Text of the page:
Today, this 77cm-high (30in) sculpture, which is considered a fine example of Catalan Romanesque art, is part of the collection of Barcelona’s Museu Nacional d’Art de Catalunya (MNAC). It currently plays a starring role in MNAC’s Romanesque Picasso, a show featuring around 40 artworks by the Spanish Modernist. This exhibition suggests “affinities” between Picasso’s work and the holdings of medieval Romanesque art, mostly from churches in the Pyrenees built during the 11th to 13th centuries, for which MNAC is internationally renowned. One glance at the Gosol Madonna, for instance, reveals that it was a source for Picasso’s painting Woman with Loaves (1906).
The thing is, while art historians are aware that Picasso was looking with interest at Romanesque art in the years leading up to his invention of Cubism, they tend to overlook its impact upon his development, preferring instead to concentrate on better-known influences such as African tribal art, archaic Iberian sculpture, and Cezanne.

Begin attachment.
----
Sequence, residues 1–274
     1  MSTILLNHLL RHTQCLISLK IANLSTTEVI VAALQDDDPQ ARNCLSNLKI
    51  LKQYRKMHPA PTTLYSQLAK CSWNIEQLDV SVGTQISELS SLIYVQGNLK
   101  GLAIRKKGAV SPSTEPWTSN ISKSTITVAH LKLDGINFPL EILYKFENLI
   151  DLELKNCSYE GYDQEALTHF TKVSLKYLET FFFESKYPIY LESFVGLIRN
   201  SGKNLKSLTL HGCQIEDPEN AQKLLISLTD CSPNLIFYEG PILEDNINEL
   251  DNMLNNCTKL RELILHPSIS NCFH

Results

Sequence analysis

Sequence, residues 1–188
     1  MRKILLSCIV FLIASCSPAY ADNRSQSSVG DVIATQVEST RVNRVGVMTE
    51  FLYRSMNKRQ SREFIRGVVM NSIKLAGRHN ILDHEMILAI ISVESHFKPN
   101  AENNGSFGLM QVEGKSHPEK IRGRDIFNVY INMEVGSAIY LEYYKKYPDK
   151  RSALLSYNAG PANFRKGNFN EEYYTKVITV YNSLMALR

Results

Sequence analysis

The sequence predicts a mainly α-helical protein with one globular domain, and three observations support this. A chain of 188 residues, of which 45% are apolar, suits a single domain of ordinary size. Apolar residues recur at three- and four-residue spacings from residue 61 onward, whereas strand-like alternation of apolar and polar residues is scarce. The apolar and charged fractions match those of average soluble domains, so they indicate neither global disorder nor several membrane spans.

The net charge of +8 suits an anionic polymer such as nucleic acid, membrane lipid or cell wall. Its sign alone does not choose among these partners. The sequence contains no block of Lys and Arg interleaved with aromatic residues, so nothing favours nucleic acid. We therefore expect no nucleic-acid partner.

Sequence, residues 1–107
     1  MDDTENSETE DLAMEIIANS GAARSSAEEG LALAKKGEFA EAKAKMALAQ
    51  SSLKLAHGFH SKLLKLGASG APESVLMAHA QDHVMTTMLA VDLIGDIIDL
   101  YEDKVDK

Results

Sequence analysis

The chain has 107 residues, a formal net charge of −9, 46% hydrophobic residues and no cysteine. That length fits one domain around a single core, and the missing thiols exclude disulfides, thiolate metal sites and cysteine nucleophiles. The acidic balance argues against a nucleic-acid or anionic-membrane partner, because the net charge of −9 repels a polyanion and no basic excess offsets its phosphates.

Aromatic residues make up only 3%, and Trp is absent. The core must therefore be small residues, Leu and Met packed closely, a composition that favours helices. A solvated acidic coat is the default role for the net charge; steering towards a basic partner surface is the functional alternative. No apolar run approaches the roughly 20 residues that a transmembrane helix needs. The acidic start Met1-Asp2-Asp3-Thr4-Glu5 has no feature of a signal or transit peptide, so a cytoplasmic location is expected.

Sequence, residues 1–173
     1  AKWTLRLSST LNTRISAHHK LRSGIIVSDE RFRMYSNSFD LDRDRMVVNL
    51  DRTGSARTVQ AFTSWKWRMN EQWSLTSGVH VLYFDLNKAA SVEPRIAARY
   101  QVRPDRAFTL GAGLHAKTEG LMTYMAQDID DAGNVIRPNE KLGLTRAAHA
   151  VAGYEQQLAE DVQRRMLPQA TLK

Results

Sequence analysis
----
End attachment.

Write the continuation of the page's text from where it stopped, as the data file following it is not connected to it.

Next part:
“While Picasso’s ‘primitivism’ has always been known,” says MNAC’s director Pepe Serra, “what is clear upon seeing the show is that Romanesque art was also one of the most important sources for him. The exhibition demonstrates that there is a very strong connection between Picasso and Romanesque art.”